Your immune system has a mind of its own. Oh, yes, it’s controlled by your hypothalamus – the master gland that controls all your hormones and neurotransmitters. Yet your immune system develops innate intelligence by interfacing with your environment.
Your immune system is made up of many organs and cells – your thymus, spleen, appendix, tonsils, lymph nodes, bone marrow and white blood cells.
Your bone marrow produces white blood cells called B-lymphocytes which are trained in the thymus and become super specialized T-cells. Think of your thymus as boot camp for your WBCs.
Your Immune System
Look at all those little dots on the figure. These represent your white blood cells, the pony express of your immune system. Your immune system produces hormones too, called cytokines. Your white blood cells carry the immune messages to all parts of your body.
When your WBC’s encounter an invader, they bring the information to your spleen which passes on the details of the invasion to your thymus. Your thymus can then program new WBCs to go after the invaders.
Under the influence of melatonin produced by the pineal gland in the crown chakra, the body shuts down normal daytime function and switches into nocturnal mode. Three hours after melatonin peaks, your hypothalamus tells your pituitary gland to produce prolactin. Prolactin puts you into a deep sedated sleep so your immune system can do it’s job.
You know when you’re under a lot of stress and you become sick? You catch a common cold virus or break out in cold sores. Stress affects the adrenal glands which, in turn, affect the immune system.
Your adrenals stop producing the stress hormones adrenaline and cortisol and begin to produce metakephalins that stimulate the thymus to program the WBC’s. All hormones, all the time!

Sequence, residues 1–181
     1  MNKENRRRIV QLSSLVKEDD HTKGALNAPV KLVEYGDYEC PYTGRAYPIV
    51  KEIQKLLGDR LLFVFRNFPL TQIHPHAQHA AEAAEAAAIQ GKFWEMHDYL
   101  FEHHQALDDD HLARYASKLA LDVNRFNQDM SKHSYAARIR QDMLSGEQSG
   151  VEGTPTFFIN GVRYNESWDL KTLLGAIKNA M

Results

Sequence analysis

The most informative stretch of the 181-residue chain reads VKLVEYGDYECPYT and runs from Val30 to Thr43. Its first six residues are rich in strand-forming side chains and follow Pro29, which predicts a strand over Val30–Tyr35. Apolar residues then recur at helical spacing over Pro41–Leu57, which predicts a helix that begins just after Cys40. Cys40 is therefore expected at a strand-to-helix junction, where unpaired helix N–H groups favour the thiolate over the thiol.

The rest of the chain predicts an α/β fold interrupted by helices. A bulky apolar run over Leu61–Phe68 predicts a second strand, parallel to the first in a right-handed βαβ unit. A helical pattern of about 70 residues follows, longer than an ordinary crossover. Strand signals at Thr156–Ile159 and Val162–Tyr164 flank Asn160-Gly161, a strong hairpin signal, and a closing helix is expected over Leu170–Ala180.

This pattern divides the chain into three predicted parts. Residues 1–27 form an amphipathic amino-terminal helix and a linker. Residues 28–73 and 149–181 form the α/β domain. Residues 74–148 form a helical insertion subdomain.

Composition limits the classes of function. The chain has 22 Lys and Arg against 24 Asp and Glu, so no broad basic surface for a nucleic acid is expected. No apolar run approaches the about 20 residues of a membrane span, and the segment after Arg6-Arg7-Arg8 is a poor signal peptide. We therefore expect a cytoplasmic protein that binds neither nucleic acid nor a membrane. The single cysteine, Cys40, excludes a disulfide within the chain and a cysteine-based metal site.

High stress means high adrenaline and cortisol production interfering with sleep and effectively turning off the immune system, making you vulnerable to infection and over a very long period of time, cancer.
Your WBCs can travel anywhere in the body, even pass the blood-brain barrier delivering messages called cytokines. Cytokines are the tiniest of the “hormones”. These minute messengers instigate the immune response, whether that’s a breakout of hives in response to an allergen or the attack of an invading virus. This amazing WBC carries on its cell membrane information about all the hormones, all the neurotransmitters, and all the cytokines in the body during its lifetime.
So what can you do prevent getting sick?
Adopt healthy-living strategies such as:
- Don’t smoke.
- Eat a diet high in fruits and vegetables.
- Exercise regularly.
- Maintain a healthy weight.
- If you drink alcohol, drink only in moderation.
- Get adequate sleep.
- Wash your hands frequently.
- Try to minimize stress.
Research Reference: Interaction between the hypothalamus and the immune system, Hypothalamic integration of immune function and metabolism, Sex differences in the hypothalamic-pituitary-adrenal axis in patients with burning mouth syndrome.
*Statements not reviewed by the FDA.